Home / A&E / Visual Arts / Walker's Point Center for the Arts

Walker's Point Center for the Arts

Art Preview

Jan. 16, 2008
Google plus Linkedin Pinterest
The Winter Gallery Night and Day provides several exhibits offering the experience of challenging the mind and eye through thought-provoking images. Among them is the Eisner Museum of Advertising and Design’s “Advertising or Design: The Big Question.” The exhibition’s opening party is Jan. 16, beginning at 5 p.m. The Eisner will be open to the public during regular hours on Saturday.

Exploring the close relationship between art, design and culture, this exhibit showcases national advertising companies that design for products like Miller beer, Levi’s and Mini-Cooper. Nike and Target campaigns depict the development of their logos, the swoosh and red bulls eye, now memorable without even a letter of print on their ads.

Madison advertising firm Planet Propaganda also displays six original linoleum block prints, artistically elegant, which are then silk-screened in several sizes from 11-inch letters to six-foot posters. Beautifully effective, these designs illustrate the importance of advertising incorporating fine art in ads.

The Eisner Museum continues to ask these “big questions” by offering lectures during the run of their exhibitions. The Steve Sandstrom lecture, 6 p.m. on Jan. 29, features Sandstrom Design, whose creations contracted for Tazo Tea and St. Germain Liqueur are in this show. This collective conversation addresses the topic “What is Advertising? What is Design?” Gallery Night and Day offers too much to absorb in an evening and an afternoon.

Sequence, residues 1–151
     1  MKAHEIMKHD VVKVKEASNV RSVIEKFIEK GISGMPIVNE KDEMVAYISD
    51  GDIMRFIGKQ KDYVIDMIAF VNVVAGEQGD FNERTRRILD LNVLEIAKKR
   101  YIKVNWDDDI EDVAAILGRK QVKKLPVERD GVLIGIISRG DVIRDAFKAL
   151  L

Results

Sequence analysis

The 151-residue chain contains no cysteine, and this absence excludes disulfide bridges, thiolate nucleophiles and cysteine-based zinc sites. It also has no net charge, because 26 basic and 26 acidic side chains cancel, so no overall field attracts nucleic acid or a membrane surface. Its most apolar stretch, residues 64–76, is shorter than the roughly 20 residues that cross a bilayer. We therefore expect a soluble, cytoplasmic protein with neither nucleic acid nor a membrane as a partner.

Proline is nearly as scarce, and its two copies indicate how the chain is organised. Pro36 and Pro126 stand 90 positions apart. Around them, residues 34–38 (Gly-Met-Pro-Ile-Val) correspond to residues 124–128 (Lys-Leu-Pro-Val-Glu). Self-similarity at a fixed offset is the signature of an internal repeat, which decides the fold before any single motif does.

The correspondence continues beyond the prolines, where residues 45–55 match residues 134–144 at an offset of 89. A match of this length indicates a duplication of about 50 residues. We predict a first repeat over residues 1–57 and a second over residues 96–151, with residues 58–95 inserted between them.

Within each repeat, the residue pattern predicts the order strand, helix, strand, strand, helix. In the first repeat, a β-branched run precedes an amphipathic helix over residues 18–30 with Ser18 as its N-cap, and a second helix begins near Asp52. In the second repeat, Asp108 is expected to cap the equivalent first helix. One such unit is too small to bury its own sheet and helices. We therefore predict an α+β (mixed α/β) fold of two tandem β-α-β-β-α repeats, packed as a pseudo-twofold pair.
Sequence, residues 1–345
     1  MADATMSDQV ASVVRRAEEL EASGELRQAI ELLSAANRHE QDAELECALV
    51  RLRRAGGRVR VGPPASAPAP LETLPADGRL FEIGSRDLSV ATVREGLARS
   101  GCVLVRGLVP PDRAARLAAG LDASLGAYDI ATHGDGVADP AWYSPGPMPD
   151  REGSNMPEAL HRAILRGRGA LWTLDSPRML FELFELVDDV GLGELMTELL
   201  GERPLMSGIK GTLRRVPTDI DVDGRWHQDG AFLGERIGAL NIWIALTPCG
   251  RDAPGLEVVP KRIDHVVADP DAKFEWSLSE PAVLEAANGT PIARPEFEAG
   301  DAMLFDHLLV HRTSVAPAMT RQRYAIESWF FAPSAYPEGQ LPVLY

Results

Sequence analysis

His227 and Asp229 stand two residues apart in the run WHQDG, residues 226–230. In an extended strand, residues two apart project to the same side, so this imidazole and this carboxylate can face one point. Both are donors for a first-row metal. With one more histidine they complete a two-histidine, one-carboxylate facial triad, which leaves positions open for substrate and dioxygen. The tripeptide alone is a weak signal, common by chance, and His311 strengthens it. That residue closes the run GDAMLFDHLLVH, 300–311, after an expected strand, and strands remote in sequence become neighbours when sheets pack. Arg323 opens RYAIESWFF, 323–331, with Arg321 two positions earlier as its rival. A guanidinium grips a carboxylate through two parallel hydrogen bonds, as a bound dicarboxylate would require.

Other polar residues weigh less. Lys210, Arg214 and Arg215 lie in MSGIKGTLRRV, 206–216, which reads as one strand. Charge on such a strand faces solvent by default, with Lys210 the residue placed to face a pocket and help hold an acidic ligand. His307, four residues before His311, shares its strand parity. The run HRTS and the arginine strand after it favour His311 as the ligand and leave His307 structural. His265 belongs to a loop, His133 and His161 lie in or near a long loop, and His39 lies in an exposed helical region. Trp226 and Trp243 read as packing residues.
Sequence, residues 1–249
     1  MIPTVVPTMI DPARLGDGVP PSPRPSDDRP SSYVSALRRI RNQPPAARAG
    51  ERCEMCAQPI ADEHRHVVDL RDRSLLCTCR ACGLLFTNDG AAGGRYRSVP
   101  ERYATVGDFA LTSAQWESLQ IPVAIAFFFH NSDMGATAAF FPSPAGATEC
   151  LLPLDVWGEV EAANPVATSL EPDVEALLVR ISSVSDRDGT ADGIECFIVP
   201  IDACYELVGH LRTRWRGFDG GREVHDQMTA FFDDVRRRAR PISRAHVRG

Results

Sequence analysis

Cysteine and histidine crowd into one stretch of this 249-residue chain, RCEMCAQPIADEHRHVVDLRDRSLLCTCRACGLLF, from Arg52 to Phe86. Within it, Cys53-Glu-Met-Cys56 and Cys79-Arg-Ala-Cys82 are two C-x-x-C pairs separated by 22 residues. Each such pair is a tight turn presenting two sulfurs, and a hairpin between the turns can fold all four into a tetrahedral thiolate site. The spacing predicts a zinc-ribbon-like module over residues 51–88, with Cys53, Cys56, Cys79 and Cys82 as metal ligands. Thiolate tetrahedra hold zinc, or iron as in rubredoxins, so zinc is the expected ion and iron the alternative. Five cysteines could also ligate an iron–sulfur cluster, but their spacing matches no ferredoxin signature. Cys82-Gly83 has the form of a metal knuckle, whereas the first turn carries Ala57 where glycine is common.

Among the highlights is the Milwaukee Institute of Art and Design’s “This Land is My Land.” Seven national multi-media artists ask questions regarding the country’s increasing divergent communities and environments. Friday, 5-9 pm.

Walker’s Point Center for the Arts offers “The Good, the Bad, and the Ugly: Relationships in Love” presented by African-American Artists Beginning to Educate Americans about African- American Art (ABEA). The 18 represented artists consider what is the “truth” conveyed by our perceptions and experiences in various personal and professional relationships.

Friday, 6-9 pm. Elaine Erickson Gallery in the Marshall Building presents “The Meaningful Object” with installations, sculpture and jewelry referencing war and contemporary cultural issues. All 12 featured artists will be available for comments on their art at the opening reception. Saturday, 11:30 a.m.-2:30 p.m.


Are you upset by the way the NFL and the team owners have treated Colin Kaepernick?

Getting poll results. Please wait...